Two examples of how this worked will make this clearer:
        In 1827, Fort Leavenworth was established in the Indian Country. The land was not in a territory or state and was part of the Public Domain. The Interior Department transferred ownership to the War Department. There was no need to seek a state's approval.
        However, in 1861, the area was admitted to the Union as part of the state of Kansas. And the new state quickly passed legislation to permit the government to continue to own the military reservation. Of course Kansas in 1861 had every reason to approve this: aside from the military payroll, there was the little matter of the Civil War!
        Notice that Kansas had to approve the transfer and continuation of the fort, even though there was no question about the legal title of the fort and, even though the land had been acquired before Kansas existed as a state and had been used by the Federal Government for twenty-five years as a military garrison, the new state still had to approve the use of the property.
        The other example is Arlington Estate, the home of George Washington Custis, who had died in 1857, and willed it to his grandson, George Washington Custis Lee, with a life estate to his daughter, Mary Ann Randolph Lee, wife of Robert E. Lee. In May 1861, the property, consisting of 1,073.4 acres, was occupied by the United States because of its strategic location "within the military lines and the immediate scene of important military operations against an enemy then in arms against the government." Since Mary Lee failed to appear to pay the taxes on the land, in 1863, title passed to the Untied States "for Government use for war, military, charitable, and educational purposes." Of course a portion became Arlington National Cemetery and the remainder Fort Myer.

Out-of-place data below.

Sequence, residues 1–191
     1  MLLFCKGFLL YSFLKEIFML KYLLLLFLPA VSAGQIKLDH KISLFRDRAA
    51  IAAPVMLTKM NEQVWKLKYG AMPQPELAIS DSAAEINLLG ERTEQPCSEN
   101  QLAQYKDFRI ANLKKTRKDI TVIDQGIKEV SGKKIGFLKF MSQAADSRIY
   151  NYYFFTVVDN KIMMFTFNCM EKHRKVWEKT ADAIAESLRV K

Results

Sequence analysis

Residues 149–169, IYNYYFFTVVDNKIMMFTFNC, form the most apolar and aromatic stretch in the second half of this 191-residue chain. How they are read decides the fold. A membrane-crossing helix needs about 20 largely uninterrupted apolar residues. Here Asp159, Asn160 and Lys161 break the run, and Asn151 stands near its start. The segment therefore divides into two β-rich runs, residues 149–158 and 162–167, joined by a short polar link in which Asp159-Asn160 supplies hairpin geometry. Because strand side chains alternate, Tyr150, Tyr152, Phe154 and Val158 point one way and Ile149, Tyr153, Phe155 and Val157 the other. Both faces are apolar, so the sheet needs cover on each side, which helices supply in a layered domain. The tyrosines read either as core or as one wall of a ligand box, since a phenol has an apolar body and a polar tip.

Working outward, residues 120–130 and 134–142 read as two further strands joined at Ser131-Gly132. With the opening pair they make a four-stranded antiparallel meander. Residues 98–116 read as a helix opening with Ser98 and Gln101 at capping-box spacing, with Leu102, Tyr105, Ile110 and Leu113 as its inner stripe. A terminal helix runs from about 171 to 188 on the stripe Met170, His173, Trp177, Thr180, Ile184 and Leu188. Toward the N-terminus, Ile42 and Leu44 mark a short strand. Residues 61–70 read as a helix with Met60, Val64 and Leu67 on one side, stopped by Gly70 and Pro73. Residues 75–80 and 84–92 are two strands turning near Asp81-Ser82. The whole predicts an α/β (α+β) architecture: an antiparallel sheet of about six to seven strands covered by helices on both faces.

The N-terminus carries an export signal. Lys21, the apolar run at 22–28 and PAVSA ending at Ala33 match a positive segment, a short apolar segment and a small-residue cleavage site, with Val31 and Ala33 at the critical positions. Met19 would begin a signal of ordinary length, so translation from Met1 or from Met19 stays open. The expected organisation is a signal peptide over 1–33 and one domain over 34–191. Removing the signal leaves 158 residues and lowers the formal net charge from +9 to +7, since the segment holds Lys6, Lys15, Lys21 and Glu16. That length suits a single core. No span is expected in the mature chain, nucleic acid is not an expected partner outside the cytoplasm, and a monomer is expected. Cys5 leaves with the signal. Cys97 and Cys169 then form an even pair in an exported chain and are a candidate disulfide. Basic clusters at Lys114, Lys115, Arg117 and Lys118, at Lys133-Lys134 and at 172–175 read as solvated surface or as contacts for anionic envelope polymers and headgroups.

After the Civil War and after the death of his mother, G. W. C. Lee filed suit, claiming the government's seizure was illegal. In 1883, the Supreme Court ruled in Lee's favor. Since the government did not want to move the thousands of bodies already there, to say nothing of giving up the use of Fort Myer, and since the Lee family did not want to move back into Arlington House, with the memories of those graves, the United States accepted an offer of Lee to retain title in return for $150,000.
        On March 31, 1883, the Secretary of War (ironically he was Robert Todd Lincoln!) paid G. W. C. Lee $125,000, conveying the estate in fee simple. The remaining $25,000 was retained until the legislature of Virginia passed the necessary law required by Article I, Section 8 of the U.S. Constitution. On March 25, 1883, Virginia having agreed to the transfer, Robert Lincoln paid Lee the remaining $25,000.
        The Virginia act, approved February 23, 1884, reads:

        "Whereas Robert T. Lincoln, Secretary of War of the United States, has made application to this General Assembly, for its consent to the purchase by authorities of the United States of a tract of land described as follows: [legal description deleted]; therefore,